7) Marcello Lippi Resigns as China Head Coach The Italian World Cup winner announced his resignation after China lost to Syria 2-1 in the 2022 FIFA World Cup Asian Zone qualification. At the post-match press conference, he stated: "I was well paid and I take the full responsibility. I am now announcing my resignation and I will be no longer the coach of Team China." Read more on Xinhua (English) and Global Times (Chinese)
From the Top
This week, My From the Top interview is with Victor Cui, CEO International at ONE Championship. We talked about where China fits in ONE Championship’s global strategy, what to expect this weekend in Beijing, what the fans want, and his biggest learnings from the job in China.
1. Where does China fit in as part of ONE Championship's global strategy?
8 years ago when I started ONE Championship as CEO, I remember sitting alone in what was basically a closet-size space for an office. I had no staff, no business cards, no email, and Chatri and I literally had to do everything ourselves. Back then I couldn’t have imagined that today ONE would be valued at $1 billion dollars, recognised as the largest global sports property in Asia, and rapidly expanding globally.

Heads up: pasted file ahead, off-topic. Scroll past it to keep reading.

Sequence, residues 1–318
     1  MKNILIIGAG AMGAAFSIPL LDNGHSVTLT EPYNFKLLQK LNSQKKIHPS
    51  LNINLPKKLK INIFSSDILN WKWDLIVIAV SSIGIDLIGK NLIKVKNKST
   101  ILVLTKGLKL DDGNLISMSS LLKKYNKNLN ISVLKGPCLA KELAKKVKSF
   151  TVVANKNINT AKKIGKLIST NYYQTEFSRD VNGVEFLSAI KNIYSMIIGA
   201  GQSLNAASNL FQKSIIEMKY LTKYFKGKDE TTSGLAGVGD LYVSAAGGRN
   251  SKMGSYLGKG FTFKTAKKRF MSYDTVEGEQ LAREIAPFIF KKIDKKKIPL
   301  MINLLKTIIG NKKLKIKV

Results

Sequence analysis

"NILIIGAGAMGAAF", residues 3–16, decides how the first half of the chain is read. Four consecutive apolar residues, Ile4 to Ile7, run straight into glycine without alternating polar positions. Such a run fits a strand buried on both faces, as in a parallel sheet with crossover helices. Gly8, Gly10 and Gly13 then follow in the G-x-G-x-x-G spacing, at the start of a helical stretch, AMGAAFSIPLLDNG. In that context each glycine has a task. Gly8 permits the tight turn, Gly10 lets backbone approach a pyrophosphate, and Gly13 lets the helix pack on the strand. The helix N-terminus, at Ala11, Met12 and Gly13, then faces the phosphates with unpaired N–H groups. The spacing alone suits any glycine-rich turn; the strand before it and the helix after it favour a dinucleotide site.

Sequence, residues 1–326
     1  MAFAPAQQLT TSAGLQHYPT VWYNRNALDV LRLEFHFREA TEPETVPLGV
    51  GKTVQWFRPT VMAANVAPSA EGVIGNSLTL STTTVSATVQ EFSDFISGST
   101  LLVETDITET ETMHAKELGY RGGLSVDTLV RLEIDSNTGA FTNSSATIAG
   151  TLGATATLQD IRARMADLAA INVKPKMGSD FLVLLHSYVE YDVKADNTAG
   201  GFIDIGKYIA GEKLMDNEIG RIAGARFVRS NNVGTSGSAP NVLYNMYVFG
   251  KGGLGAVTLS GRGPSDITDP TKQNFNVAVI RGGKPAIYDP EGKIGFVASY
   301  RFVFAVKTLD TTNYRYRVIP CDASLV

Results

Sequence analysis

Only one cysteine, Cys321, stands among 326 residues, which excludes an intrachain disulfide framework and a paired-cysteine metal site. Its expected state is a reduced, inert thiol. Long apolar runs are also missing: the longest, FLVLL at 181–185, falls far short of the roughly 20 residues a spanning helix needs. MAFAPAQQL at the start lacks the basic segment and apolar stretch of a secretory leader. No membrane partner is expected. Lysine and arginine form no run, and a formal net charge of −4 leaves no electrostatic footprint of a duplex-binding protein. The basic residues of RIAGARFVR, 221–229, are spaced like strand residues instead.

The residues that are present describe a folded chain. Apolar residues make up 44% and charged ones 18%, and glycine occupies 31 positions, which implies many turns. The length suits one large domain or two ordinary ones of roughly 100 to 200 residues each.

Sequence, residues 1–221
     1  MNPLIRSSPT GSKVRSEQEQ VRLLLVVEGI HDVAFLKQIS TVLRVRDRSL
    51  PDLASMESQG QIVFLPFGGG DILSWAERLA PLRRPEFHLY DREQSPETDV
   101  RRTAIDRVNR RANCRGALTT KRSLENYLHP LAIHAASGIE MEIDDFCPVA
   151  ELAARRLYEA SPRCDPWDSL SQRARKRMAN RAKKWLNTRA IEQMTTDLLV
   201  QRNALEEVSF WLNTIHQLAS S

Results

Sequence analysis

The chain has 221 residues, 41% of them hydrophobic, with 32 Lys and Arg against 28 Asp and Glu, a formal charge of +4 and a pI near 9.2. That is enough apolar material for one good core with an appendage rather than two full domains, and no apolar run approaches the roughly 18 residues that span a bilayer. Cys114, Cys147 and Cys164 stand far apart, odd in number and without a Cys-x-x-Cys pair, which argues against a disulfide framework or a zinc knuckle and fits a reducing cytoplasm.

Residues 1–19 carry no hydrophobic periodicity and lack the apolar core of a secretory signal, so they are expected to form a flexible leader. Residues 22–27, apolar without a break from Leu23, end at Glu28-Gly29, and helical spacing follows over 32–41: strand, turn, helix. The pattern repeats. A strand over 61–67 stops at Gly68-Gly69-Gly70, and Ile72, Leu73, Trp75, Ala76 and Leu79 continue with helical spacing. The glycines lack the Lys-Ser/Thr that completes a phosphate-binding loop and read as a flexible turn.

Like almost everyone in the world, China was undoubtedly on our radar and what we had to figure out was our market entry timing. Today, we’ve been fortunate enough at ONE to already have tremendous success across Asia and this has definitely helped our business in China when I moved here 3 years ago to set up our first overseas office. We were very focused on the opportunity in China back then and we remain very committed today – China is the birthplace of martial arts and ONE is the Home Of Martial Arts, a perfect alignment.
2. This weekend's event in Beijing is ONE Championship's 7th in China. How have these China events evolved over the years?
We are seeing our fan base, both within the martial arts community and the general public, expand rapidly. We have hit an all-time viewership high in China for our last event and globally our Tokyo event reached 85 million viewers. What’s particularly helped our brand growth in China is the first-ever Chinese female MMA World Champion Xiong Jing Nan. We’ve seen her fan base explode and she’s an excellent ambassador for the sport.
3. What have been your biggest learnings in China since your first event?
Patience. You hear that from almost every seasoned entrepreneur in China. But on the flip side of the patience coin you’ll find that as soon as things get moving they get moving phenomenally fast.
4. How do you adapt your digital strategy to China to cater to the Chinese fans?
In my opinion, Chinese fans are some of the most sophisticated digital consumers in the world. In fact, I would even go so far to argue that the rest of the world calls it “digital” and in China, we just called it “that’s life”.